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A wonderful command line utility to check the internet usage. It has got so many useful switch to display the data you want.Please visit the man page to get all the information.Get it from this website http://humdi.net/vnstat
To get the connection information of protocol tcp and extended infortmation.
As mentioned in the summery that it is a powerful command to monitor system activity in great way. It has got the power of vmstat,iostat,mpstat,df,free and sar.Instead of firing each single command separately ,one can fire one single command to get all the info at once.But there is a way to get the individual information too. Please see the man page . You can get it from here : http://dag.wieers.com/home-made/dstat/
Add this to your $HOME/.bashrc file. It will only set this prompt if it is running inside screen ($WINDOW var is set)
Looks like this...
Puts words on new lines, removing additional newlines.
Simply translates whitespace to newlines. Could be enhanced to compress out extra newlines, but that might be better handled in the next tool down the pipe, with eg uniq(1).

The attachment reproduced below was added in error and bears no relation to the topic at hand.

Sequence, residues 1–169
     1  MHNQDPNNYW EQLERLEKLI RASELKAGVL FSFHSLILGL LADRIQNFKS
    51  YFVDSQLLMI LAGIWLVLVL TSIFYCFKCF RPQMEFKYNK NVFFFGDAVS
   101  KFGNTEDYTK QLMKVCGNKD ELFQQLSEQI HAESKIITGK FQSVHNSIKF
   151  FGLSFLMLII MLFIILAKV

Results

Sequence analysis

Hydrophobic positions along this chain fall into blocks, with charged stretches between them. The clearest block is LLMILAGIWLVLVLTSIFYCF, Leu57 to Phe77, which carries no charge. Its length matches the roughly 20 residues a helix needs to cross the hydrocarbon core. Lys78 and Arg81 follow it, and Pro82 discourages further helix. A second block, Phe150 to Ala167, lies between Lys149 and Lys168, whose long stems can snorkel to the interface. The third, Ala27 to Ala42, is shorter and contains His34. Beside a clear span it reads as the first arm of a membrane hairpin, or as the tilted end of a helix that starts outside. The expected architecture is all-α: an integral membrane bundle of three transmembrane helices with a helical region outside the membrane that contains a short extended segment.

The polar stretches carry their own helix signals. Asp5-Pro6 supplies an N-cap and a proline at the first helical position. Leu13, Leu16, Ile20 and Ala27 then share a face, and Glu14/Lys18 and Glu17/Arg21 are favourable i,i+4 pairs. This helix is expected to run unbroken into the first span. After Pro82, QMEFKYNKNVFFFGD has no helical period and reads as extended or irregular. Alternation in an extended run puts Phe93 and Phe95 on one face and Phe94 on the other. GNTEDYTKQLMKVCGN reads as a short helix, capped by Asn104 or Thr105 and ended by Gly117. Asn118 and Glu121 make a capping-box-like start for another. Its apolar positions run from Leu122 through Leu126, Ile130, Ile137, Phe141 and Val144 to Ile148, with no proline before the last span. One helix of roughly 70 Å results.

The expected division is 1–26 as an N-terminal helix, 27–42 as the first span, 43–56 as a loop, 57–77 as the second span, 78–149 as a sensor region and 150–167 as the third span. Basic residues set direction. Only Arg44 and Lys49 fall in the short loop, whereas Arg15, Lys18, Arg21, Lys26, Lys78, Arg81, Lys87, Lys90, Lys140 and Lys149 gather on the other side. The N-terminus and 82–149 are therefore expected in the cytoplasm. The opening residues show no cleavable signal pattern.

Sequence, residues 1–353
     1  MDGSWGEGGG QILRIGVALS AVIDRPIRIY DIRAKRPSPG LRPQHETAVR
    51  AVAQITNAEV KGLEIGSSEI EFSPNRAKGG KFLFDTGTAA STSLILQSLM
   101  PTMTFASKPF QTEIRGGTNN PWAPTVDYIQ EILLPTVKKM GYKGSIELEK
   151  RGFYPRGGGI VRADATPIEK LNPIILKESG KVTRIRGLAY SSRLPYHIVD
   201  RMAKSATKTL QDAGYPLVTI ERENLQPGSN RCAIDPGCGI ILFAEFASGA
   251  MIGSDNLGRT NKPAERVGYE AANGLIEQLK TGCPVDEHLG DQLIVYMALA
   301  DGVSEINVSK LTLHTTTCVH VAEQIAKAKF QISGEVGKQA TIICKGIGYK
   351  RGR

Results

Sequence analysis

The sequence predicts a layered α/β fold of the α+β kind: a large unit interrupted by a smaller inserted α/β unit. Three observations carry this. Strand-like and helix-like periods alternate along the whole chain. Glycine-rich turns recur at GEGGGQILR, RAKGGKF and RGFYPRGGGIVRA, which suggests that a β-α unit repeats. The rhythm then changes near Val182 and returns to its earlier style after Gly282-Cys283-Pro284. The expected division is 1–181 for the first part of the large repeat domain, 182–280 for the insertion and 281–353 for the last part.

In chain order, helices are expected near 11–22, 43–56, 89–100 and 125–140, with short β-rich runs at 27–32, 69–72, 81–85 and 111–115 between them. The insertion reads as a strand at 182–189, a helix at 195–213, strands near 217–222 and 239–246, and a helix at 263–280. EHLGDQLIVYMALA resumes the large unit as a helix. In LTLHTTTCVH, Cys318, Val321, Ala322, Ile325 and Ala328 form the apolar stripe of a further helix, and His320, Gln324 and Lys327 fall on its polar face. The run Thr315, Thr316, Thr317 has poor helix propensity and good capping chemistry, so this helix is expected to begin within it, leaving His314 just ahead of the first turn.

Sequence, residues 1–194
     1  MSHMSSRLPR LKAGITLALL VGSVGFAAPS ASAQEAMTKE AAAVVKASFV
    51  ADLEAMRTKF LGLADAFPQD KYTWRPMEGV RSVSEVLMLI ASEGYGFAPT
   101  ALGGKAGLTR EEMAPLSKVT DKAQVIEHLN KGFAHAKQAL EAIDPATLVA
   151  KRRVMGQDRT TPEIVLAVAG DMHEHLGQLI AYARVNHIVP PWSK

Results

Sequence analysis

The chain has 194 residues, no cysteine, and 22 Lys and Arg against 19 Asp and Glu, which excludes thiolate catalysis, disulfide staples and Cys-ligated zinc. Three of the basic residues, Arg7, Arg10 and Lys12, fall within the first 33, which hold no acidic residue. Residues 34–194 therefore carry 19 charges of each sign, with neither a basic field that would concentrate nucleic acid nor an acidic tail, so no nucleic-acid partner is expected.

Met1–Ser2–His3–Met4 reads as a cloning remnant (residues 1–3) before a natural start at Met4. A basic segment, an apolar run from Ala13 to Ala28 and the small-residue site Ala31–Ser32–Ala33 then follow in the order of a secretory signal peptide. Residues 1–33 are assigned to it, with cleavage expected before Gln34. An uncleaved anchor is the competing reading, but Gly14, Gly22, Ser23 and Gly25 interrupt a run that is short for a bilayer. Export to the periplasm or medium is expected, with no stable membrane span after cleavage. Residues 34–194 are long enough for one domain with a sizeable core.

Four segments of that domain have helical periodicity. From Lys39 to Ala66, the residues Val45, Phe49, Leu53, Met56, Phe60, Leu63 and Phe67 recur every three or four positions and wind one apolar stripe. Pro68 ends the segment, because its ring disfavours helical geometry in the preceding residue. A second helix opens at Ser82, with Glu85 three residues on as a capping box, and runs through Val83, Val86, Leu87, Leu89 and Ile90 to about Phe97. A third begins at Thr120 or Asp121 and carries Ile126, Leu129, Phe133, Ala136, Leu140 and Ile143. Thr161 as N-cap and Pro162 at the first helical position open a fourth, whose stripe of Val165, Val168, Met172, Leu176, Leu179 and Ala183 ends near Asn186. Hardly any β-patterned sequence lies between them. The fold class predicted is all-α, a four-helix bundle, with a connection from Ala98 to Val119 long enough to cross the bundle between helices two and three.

Found this one little more for me. This one removes the perl dependency (from command 2535).
Source for command : http://www.earthinfo.org/linux-disk-usage-sorted-by-size-and-human-readable/
This command displays a clock on your terminal which updates the time every second. Press Ctrl-C to exit.
A couple of variants:
A little bit bigger text:
watch -t -n1 "date +%T|figlet -f big"
You can try other figlet fonts, too.
Big sideways characters:
watch -n 1 -t '/usr/games/banner -w 30 $(date +%M:%S)'
This requires a particular version of banner and a 40-line terminal or you can adjust the width ("30" here).
With this command you can use shell variables inside sed scripts.
This is useful if the script MUST remain in an external file, otherwise you can simply use an inline -e argument to sed.
This is a working version, though probably clumsy, of the script submitted by felix001. This works on ubuntu and CygWin. This would be great as a bash function, defined in .bashrc. Additionally it would work as a script put in the path.
I often deal with long file names and the 'ls -l' command leaves very little room for file names. An alternative is to use the -h -o and -g flags (or together, -hog).
* The -h flag produces human-readable file size (e.g. 91K instead of 92728)
* The -o suppresses the owner column
* The -g suppresses the group column
Since I use to alias ll='ls -l', I now do alias ll='ls -hog'
Alias two dots to move to parent directory. Put it into your .bashrc or .profile file.